Swell is how we describe waves generated by storms far offshore.  Thus, there can be a large swell even during locally calm conditions.  In my experience, swell is usually 3′ or greater.  Swell over 24′ is pretty extreme.  Any time swell is over 12′ the surf gets pretty rough.

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The graph above shows a frequency distribution of swell heights I have experienced while exploring the outer shores over the last three years.  This information is biased toward low values because I’m rarely out on the beach during rough conditions.  I guess what you see here is a  depiction of my preferences for gentle surf.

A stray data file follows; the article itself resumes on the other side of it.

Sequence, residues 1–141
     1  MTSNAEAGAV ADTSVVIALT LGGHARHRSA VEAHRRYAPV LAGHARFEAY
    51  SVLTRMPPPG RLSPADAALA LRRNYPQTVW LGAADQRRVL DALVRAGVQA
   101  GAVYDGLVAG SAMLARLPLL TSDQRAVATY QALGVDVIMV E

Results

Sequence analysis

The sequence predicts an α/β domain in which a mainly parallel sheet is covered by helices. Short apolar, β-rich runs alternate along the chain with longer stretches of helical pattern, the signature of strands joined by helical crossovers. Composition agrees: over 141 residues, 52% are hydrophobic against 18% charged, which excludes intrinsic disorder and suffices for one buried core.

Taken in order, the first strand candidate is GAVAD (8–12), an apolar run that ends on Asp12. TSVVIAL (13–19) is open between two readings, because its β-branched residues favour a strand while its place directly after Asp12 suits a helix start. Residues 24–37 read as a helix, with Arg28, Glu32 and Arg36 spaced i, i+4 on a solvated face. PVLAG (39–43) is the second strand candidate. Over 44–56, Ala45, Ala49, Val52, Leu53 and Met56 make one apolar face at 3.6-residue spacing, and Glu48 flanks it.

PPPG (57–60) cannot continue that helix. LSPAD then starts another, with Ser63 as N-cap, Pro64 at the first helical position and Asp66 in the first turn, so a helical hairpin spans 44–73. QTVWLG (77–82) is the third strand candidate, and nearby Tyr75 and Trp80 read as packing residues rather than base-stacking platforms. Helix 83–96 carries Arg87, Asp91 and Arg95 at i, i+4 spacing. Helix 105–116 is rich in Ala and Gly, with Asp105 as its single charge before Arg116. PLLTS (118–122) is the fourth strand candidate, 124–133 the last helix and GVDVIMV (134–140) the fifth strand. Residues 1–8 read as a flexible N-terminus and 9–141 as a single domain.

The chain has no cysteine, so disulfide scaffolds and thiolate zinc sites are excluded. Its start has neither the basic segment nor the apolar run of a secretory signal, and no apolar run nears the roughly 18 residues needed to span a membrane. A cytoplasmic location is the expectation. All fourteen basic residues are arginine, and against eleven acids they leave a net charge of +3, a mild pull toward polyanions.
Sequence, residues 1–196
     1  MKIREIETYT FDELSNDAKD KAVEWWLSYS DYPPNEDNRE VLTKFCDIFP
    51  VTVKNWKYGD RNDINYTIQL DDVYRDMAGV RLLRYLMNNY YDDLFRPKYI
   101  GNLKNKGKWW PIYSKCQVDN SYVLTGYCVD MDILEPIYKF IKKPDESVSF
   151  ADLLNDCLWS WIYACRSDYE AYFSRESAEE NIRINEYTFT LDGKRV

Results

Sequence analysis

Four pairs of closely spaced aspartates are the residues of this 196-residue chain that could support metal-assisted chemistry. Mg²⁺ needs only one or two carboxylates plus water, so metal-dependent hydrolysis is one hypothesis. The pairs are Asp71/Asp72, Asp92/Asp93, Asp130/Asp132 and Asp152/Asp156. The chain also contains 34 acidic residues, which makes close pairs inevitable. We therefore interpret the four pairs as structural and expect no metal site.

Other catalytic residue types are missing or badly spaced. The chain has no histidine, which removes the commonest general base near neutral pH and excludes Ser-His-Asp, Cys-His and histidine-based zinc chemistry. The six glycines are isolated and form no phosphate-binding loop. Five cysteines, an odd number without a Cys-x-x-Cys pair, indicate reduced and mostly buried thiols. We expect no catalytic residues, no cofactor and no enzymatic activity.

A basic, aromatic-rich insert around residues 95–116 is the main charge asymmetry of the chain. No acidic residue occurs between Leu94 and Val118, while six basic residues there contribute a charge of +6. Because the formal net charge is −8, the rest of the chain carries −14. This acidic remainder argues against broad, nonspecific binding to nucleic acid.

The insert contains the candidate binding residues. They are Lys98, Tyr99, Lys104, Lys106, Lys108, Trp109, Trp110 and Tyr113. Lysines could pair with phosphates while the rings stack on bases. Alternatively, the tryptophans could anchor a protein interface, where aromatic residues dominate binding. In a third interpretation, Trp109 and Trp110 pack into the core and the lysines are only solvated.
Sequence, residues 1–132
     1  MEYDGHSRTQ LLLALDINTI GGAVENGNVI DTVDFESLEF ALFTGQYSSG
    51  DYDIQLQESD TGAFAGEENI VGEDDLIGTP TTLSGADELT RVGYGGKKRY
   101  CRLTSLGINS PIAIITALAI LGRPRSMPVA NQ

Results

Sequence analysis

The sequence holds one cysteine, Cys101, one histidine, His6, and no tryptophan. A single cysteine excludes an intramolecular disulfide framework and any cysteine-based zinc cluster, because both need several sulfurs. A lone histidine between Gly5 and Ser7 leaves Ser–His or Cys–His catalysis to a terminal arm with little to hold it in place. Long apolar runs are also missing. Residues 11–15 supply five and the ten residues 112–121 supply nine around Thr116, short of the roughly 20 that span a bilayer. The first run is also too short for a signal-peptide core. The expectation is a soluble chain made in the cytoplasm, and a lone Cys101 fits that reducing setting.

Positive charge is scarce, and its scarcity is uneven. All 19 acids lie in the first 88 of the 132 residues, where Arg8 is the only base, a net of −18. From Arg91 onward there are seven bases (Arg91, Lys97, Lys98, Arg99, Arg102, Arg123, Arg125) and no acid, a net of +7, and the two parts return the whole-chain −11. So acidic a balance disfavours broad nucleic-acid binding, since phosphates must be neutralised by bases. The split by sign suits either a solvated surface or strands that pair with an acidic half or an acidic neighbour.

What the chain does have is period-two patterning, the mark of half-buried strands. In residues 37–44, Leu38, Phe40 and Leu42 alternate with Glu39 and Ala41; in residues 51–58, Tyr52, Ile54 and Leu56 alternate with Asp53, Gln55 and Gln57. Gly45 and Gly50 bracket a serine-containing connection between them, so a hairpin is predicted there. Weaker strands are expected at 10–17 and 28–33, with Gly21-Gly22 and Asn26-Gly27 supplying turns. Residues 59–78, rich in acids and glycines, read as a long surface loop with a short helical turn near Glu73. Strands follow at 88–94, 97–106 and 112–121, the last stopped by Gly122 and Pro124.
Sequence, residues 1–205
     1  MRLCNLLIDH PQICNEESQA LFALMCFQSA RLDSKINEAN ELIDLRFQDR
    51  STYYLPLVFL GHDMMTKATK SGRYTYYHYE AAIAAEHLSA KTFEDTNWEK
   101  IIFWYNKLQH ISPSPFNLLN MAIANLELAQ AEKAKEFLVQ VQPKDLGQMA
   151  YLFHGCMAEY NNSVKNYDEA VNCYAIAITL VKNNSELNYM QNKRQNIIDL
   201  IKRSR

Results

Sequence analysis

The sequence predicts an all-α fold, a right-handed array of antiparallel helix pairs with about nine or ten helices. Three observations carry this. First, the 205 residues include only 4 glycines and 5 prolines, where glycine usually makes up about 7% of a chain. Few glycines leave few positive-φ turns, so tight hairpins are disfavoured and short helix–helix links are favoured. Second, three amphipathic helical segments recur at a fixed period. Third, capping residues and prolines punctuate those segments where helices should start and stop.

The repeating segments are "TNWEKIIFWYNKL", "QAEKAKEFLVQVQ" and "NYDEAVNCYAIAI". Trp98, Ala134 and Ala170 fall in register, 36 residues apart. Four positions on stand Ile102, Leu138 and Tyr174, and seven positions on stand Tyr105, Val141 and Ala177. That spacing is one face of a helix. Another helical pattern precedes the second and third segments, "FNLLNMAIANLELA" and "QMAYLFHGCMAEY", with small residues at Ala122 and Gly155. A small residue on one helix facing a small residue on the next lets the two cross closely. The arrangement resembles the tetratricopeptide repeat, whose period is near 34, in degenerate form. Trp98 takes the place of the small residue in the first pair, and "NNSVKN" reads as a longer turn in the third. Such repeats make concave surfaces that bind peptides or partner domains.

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Usually the waves roll up the beach straight out of the west, the result of a west swell. Sometimes waves are generated from other swells.  I recorded the swell direction for several trips to the outer shores and the graph above shows the frequency of the the different swells I encountered.  In a boat or on the beach, things get kind of crazy with a mixed swell.  I thought there might be some relationship between swell direction and the size of the seas so I plotted what I found in the graph below.  There wasn’t much of a relationship, but the sample is small for most swell directions.

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In this graph the number above each swell direction is the number of observations and the vertical lines are the standard deviation.

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